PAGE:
That’s when I happened upon writing. A teacher had asked each of us to start a journal and as I sat there in class writing day after day, I realized that it felt good. It was my favorite part of the day because getting it down on paper somehow provided an outlet. Every word I wrote was like a little bit of relief and I kept it up. I started a journal at home and would write every night about things that had happened that day and how they made me feel. I filled journals upon journals with my thoughts and feelings. Next I wrote plays and short stories and articles for made-up magazines. I started a newsletter for our street one summer called the Grant Street Journal and would write about things that had happened every week even though no one but my family read it. Writing stimulated my mind in ways that it had never been stimulated before and I liked it. As the years went by, my journaling eventually turned to poetry and I began to fill even more books with my emotions.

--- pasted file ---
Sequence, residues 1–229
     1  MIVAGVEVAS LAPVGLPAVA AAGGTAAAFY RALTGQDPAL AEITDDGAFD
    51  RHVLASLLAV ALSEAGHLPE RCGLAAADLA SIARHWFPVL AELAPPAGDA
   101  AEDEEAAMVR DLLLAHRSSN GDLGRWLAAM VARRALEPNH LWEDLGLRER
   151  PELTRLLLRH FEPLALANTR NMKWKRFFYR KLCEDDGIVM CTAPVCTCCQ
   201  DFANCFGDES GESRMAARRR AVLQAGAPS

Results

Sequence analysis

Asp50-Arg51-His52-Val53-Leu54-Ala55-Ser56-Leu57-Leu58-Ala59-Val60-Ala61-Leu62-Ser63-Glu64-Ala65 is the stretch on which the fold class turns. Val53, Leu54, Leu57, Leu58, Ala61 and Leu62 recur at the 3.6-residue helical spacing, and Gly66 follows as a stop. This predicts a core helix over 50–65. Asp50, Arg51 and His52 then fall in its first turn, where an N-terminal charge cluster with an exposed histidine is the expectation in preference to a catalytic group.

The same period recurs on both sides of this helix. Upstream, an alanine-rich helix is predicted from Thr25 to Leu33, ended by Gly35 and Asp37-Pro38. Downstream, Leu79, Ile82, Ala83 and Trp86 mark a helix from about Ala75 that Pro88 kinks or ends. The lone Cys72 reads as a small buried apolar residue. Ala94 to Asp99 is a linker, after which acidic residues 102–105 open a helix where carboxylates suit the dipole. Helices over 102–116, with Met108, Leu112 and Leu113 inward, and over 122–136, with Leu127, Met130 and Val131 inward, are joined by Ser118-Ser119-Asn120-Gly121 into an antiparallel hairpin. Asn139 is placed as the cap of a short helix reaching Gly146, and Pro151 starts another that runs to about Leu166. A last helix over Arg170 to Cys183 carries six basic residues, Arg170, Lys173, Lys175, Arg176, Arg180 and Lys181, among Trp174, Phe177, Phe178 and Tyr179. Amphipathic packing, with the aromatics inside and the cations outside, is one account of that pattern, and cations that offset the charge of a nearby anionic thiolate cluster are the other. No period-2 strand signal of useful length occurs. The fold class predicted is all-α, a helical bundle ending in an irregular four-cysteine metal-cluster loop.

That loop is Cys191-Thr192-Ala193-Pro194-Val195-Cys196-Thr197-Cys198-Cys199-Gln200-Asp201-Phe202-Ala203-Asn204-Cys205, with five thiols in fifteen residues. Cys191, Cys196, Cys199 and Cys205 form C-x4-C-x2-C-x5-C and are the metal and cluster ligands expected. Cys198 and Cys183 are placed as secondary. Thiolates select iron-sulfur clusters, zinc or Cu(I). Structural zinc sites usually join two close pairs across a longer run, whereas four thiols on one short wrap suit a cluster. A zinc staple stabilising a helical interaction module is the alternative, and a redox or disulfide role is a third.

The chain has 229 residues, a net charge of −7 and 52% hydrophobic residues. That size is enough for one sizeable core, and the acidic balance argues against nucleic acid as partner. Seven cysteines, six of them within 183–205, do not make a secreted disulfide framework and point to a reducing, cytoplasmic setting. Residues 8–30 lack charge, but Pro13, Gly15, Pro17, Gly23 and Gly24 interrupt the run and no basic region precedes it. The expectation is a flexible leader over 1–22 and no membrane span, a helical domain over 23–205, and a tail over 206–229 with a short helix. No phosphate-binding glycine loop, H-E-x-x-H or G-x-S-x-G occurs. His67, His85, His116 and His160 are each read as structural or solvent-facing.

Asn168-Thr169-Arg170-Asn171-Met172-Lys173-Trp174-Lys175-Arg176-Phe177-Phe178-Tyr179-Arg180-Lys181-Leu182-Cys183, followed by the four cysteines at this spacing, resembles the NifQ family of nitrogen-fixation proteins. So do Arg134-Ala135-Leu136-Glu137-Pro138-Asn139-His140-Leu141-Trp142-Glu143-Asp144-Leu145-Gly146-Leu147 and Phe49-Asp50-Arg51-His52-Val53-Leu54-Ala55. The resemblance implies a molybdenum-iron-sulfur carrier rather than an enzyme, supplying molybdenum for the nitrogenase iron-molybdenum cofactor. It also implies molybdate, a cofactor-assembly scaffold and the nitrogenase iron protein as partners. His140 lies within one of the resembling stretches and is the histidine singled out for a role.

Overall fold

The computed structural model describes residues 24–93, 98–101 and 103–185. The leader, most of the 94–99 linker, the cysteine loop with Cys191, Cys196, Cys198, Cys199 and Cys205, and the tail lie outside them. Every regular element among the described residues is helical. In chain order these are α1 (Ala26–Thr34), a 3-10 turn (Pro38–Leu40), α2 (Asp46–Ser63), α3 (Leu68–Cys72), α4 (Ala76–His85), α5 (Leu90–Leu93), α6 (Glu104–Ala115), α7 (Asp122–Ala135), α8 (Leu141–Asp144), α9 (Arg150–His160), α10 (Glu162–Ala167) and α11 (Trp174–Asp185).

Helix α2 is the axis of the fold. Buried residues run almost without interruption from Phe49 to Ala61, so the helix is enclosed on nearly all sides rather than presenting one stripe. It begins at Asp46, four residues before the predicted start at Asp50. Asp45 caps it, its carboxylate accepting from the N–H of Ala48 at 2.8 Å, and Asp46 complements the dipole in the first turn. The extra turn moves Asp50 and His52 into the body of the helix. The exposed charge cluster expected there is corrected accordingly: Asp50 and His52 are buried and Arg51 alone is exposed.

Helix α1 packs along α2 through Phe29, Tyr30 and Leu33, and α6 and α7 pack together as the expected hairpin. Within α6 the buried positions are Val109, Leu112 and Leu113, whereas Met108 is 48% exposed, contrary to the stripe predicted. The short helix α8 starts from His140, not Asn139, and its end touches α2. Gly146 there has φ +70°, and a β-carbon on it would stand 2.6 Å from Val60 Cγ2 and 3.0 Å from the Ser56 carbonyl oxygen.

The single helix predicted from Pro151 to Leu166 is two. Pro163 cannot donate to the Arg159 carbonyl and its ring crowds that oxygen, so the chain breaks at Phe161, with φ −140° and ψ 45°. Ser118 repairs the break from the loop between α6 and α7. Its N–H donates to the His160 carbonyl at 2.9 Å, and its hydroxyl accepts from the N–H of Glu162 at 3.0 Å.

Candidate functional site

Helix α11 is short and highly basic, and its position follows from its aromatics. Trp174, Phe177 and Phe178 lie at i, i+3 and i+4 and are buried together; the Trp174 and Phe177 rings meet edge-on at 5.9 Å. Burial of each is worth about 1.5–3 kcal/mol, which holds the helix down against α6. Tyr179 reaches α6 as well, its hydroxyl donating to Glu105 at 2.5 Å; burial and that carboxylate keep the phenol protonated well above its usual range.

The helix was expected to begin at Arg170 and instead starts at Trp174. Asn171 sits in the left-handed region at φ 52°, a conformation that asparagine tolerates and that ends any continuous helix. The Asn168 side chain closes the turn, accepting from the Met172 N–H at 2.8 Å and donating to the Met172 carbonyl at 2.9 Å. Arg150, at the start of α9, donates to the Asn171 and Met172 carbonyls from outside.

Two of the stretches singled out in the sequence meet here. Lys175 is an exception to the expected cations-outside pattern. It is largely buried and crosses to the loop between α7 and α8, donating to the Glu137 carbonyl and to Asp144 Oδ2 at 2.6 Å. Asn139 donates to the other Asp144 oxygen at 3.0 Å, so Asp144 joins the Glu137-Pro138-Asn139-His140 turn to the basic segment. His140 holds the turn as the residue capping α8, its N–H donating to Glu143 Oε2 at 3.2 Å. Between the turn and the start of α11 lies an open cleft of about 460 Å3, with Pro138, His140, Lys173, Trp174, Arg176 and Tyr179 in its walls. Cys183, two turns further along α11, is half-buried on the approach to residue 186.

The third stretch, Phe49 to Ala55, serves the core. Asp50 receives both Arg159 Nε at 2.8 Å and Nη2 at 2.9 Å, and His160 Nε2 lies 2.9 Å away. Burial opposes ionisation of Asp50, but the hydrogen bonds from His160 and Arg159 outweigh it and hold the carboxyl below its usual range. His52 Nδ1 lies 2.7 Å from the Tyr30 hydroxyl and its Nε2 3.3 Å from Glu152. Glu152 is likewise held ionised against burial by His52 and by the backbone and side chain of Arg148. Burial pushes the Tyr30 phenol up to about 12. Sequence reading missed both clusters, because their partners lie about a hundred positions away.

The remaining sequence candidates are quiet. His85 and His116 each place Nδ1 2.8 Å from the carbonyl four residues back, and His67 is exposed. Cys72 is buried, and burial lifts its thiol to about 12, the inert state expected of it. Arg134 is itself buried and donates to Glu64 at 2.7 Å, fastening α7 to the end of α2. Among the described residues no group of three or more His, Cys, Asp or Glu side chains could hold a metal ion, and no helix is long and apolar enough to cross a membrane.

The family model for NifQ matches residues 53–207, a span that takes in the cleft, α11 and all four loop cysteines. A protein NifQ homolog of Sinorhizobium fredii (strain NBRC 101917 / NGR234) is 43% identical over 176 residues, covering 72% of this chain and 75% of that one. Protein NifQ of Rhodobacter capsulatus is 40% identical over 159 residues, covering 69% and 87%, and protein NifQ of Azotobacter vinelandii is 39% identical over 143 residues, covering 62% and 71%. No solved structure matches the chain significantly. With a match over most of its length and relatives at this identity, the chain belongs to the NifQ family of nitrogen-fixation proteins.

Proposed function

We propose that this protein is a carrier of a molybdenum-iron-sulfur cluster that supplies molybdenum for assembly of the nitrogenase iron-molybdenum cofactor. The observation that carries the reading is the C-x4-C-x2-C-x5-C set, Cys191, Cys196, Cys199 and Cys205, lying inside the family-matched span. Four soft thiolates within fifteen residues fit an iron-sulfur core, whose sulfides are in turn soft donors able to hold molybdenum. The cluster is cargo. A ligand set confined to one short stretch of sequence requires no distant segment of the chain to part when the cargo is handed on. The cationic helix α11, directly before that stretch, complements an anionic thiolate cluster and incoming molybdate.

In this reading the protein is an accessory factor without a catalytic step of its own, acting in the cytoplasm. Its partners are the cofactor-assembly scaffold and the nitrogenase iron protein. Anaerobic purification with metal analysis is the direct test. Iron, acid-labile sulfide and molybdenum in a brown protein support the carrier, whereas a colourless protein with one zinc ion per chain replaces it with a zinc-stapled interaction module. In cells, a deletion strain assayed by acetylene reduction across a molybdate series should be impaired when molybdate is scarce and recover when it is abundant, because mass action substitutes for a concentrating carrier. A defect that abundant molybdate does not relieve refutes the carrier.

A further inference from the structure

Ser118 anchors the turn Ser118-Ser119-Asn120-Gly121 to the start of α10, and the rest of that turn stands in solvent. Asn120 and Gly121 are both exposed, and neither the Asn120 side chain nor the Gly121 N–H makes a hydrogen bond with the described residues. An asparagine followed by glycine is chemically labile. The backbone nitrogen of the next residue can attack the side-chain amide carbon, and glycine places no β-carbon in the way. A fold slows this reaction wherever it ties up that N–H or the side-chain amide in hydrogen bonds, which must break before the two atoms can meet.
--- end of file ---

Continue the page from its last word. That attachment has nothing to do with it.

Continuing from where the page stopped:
My favorite thing to do one summer was walk to the park, sit under the willow tree by the pond, and just write. When I got my driver’s license I discovered that sitting in my car on the side of a back road or near that same willow tree during a rain storm was even better. The sound of the rain hitting the roof was numbing and the sight of the rain swirling down the windows made it easy to block out all of the distractions that usually got in the way of my writing. It was like I was in a bubble. A writing bubble. Over the years I’ve found that there’s no better soundtrack for writing than the Jimi Hendrix: Blues album. I bet I played that album a thousand times over in my car the summer I first discovered it and some of my best writing came with its help. Give me 2 hours, a notebook, a pen, the Jimi Blues album, and a rainstorm and I will attempt to conquer anything.